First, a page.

But there is political will for change. The U.S. Department of State annually produces a “Trafficking in Persons Report” in accordance with a Congressional mandate. In this report, the State Department tracks the work and progress of each nation throughout the world and their ability to comply with antitrafficking legislation. Those that fall into the Tier III category are liable to have sanctions placed against them. Other nations also continue to advance in the fight against trafficking. The British House of Lords recently passed the Modern Slavery Bill, a seminal piece of legislation that is one of the most comprehensive actions taken by a modern government in the fight against human trafficking. The bill will create an antislavery commissioner within the British government, seek to better protect the victims of human trafficking and extend preventive measures against slavery.

According to the TIP Report, a number of other countries have made great strides against trafficking: Haiti has finally outlawed slavery, Chad has officially begun intervening to prevent children from being forced into militias, and Switzerland has closed a legal loophole that allowed for child prostitution. Progress is, undoubtedly but slowly, being made.

Pope Francis Breaks the Mold

And then there is Pope Francis. It has often been noted that Francis has broken the mold. It is no hyperbole to say that he is probably the best politician (although he would likely cringe at the label) on the world scene today. He is both capable of standing his ground while launching multipronged attacks on multiple contentious issues and of actually managing to get positive results. Nothing better highlights the pope’s ability to do so than his work on human trafficking.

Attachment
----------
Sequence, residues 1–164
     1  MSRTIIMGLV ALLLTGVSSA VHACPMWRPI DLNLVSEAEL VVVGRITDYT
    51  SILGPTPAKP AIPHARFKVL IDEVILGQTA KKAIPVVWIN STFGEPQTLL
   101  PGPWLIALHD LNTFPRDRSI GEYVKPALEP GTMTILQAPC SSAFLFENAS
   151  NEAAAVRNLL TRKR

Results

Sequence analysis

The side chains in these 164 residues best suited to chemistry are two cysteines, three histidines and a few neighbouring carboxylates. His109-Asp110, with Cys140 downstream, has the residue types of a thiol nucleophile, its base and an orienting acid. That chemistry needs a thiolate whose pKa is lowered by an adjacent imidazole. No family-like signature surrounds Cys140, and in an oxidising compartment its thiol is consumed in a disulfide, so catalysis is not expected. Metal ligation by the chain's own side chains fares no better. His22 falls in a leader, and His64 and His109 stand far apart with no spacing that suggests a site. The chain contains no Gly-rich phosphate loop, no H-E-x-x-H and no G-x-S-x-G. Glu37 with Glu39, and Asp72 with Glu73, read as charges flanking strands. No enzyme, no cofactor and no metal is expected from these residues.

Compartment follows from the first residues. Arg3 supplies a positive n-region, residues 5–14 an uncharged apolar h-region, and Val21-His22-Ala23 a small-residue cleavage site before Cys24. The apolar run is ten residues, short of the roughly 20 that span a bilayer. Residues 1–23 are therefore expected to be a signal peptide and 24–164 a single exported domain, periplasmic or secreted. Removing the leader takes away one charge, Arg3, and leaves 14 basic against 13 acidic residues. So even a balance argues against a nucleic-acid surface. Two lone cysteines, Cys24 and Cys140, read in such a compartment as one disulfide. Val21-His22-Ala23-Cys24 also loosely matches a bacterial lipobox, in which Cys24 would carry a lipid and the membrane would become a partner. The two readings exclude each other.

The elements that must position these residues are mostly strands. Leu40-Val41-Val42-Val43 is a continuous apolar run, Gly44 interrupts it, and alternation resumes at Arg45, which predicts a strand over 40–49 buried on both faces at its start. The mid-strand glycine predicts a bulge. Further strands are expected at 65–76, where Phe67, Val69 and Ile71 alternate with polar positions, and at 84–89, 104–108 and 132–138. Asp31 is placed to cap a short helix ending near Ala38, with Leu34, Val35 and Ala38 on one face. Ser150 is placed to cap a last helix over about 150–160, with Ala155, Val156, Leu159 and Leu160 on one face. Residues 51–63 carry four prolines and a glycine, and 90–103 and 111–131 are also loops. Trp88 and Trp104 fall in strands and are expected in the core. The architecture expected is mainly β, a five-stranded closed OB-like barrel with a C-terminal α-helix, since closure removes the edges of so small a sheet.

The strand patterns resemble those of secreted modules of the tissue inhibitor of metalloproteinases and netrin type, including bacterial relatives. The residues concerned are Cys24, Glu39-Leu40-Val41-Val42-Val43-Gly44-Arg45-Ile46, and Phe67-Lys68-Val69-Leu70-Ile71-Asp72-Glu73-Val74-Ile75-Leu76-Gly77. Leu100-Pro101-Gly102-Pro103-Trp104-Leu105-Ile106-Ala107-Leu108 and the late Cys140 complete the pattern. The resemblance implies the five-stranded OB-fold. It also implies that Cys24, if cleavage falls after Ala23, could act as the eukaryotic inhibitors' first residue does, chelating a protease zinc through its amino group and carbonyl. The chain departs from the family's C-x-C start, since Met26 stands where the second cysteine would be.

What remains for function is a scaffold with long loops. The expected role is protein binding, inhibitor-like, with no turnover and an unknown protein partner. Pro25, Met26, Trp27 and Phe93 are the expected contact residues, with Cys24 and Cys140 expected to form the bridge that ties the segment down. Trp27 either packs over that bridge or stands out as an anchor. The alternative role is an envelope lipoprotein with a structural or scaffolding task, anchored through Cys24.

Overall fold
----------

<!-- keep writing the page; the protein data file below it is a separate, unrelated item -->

“It is not unique in itself,” said Archbishop Bernardito Auza, papal nuncio and permanent observer of the Holy See at the United Nations, when asked if an organization like the Global Freedom Network, with such a specific focus, had ever been established by a pope prior to Francis. The nuncio noted that there are a number of papal institutions specifically designated for individual causes, including H.I.V./AIDS and the rights of indigenous peoples. “However,” he continued, “it is unique in that it is not distinctly Catholic...having three major co-founders: that is, the Walk Free Foundation from Australia with Mr. [Andrew] Forrest; and then there are the archbishop of Canterbury and the president/rector of Al-Azhar, which is the prime Sunni institution in the world.”

The nuncio also noted the breadth of the effort to deal with human trafficking and what it really emphasizes for the pope, saying that “it directly touches the dignity of the human person, which is a significant point of emphasis for Pope Francis.” Then there is the pope’s concern for the poor and impoverished, who are disproportionally afflicted by human trafficking, often for materialistic gains. The victims “are the most vulnerable, not only as categories, like women, but also as economic groups,” said Archbishop Auza, adding: “It seems that there are so many people who are willing to sell other people or to facilitate the selling of other people, etc., because, the most basic theological, philosophical and moral reasons behind this are that the value of the human person is not considered. The person is seen merely as merchandise...as an immediate economic gain.” He also noted that a number of trafficking victims often sell themselves in hopes of better opportunities abroad, emphasizing that “the overall key to stopping trafficking is to try and stop the burgeoning and increasing economic gap between countries.” He added that it is necessary that “we as a church, and we as individuals” across all religions and nations address “not only the issue of human trafficking, but its underlying causes” as well.

Interreligious Activism